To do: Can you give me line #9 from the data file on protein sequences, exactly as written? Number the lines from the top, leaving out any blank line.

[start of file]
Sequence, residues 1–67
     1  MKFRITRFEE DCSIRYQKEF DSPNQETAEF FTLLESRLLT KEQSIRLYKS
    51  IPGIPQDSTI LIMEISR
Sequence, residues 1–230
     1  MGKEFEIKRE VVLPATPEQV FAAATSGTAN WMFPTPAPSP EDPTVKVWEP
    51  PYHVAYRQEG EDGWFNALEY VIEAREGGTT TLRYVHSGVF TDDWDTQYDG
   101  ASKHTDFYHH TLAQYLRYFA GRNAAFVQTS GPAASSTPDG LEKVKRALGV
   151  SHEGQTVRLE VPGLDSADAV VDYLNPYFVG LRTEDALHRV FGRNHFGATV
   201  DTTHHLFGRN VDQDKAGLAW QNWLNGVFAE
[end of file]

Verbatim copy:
   201  DTTHHLFGRN VDQDKAGLAW QNWLNGVFAE